Stephen Collins is the illustrator of the fabulous, The Dinosaur Awards, written by Barbara Taylor. It’s a fantastic, must-have tome for ALL dino fans – filled with unusual facts presented in the most glorious way. So. Indeed. OF COURSE. I asked the talented illustrator, Stephen Collins, to step into MyBookCorner and share his creative process with us. The result is a wonderful insight into the creation of this glorious picture book. Come, take a look…
If I told my 6 year-old self that one day he would get to illustrate a whole book about dinosaurs, he’d have been over the moon. So when the call first came from Frances Lincoln offering this job, I knew I owed it to the kid who called himself “Stephen the Class Dinosaur Expert” to dive right in.
The Dinosaur Awards is the latest in Frances Lincoln’s ‘awards’ series (The Animal Awards and The People Awards being the previous titles), and it comprises a lavishly illustrated bonanza of dino-facts with some funny comic strips thrown in.
Written by Barbara Taylor, the science of this book is as up-to-the-minute as it gets. The illustrator’s job is therefore to honour the science as much as possible by researching every detail of how these animals might have looked – and where that can’t be ascertained, you have to make as educated a guess as possible!
In practise this meant an awful lot of preparation and revisions to the drawings. I would make a detailed rough sketch, send that through to Barbara with a list of questions (“Did I get this foot right? Did this one have feathers?”) and then amend the illustrations multiple times as the drawings went on.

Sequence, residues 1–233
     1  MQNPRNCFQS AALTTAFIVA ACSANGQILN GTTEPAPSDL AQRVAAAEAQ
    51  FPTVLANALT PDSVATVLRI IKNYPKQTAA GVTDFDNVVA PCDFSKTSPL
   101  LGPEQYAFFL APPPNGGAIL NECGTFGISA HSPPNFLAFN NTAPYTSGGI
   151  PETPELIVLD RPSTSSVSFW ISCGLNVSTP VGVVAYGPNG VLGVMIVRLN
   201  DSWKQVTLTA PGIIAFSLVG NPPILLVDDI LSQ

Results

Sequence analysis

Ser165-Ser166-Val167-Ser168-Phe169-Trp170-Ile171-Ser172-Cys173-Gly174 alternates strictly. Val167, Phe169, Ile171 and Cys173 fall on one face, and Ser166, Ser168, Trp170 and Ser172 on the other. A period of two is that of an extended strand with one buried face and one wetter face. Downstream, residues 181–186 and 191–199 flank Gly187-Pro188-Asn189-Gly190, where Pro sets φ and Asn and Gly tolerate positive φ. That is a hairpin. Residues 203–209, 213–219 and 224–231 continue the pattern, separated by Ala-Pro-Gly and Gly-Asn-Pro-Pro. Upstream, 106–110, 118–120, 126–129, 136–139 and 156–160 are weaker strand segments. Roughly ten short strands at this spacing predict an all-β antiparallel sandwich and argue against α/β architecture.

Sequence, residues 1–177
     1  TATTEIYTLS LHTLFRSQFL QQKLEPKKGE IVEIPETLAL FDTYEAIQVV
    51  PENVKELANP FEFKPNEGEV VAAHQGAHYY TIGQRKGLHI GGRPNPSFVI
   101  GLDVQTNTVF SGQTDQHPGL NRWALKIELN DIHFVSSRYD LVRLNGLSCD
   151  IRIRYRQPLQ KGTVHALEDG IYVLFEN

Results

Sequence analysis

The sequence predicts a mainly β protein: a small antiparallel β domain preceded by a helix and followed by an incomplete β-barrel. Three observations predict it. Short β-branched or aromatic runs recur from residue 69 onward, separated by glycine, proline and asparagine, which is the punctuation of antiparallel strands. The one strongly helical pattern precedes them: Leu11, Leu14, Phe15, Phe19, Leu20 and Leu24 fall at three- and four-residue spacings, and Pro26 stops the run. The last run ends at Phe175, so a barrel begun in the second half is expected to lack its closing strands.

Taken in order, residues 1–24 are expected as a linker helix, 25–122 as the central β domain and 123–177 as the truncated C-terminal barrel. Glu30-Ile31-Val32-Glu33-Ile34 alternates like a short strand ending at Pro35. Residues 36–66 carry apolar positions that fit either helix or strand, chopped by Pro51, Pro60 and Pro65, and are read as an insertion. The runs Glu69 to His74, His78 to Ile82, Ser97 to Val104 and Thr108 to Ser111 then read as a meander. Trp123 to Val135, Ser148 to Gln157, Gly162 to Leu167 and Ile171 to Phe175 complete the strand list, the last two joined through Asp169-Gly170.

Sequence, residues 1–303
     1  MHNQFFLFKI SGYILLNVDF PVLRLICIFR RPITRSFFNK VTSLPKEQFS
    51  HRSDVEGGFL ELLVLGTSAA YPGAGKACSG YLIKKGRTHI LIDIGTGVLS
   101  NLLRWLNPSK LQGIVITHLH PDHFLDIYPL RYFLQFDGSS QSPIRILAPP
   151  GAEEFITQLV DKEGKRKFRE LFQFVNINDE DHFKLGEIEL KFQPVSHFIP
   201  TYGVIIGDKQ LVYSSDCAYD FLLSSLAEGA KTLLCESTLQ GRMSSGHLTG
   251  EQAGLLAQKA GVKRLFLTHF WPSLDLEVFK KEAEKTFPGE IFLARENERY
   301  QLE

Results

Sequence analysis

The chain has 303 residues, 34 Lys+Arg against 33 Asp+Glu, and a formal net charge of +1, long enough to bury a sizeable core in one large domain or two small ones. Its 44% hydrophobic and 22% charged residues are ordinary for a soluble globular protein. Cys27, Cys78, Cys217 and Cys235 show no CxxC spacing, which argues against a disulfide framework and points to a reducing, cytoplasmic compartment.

Sometimes this would mean starting a whole drawing again from scratch. The cover illustration was drawn at the very start of the process, and redrawn several times as the interior illustrations were completed, because I was learning more about the dinosaurs and revising the details as I went.
One example that stands out was Tsintaosaurus, whose horn has been completely repositioned by palaeontologists in recent years. My early drawings of this dinosaur had the horn positioned in the old style – sticking out of its head like a unicorn. But after guidance from Barbara and a deep dive into an up-to-the-minute palaeontology paper, I found I had to reposition the horn into more of a streamlined positioning: less for display, and more for communication, being blown through like a backwards-facing trumpet! I then had to go back to the cover and redraw the Tsintaosaurus there as well.
Stylistically, I soon found I had to balance my own illustration style with the necessary detail of a book about dinosaurs. My work is usually quite simple and reductive, but with the science needing to be communicated accurately, I found I had to develop a mid-point between how I draw and how these animals looked. No place for both eyes on one side of the head here! This book needed to look fun, but also scientifically precise, and balancing the two was the main focus of every page.
The best way to create this book was digitally, using the Procreate drawing app on an iPad Pro. Usually my process incorporates traditional paints and pencils on paper, but I knew from the start that because of the science involved, it would be better to have everything made in an easily editable format – and digital was perfect for that.
However despite using digital techniques, I made sure that the artwork looked traditional as possible – always using gouache and pencil ‘brushes’ to mimic my on-paper style as much as the technology would allow.
Frances Lincoln made such a beautiful job of this book, and Karissa Santos and Lucy Brownridge were a fantastic team to work with. I was so delighted with how it looked when I got my first copies through, and so were my three young children: my first review was “this looks great, Dad!”.
I’ve learned a lot on my prehistoric journey through The Dinosaur Awards, and it’s great to think that children and their parents have all that learning ahead of them too. I hope you enjoy our book.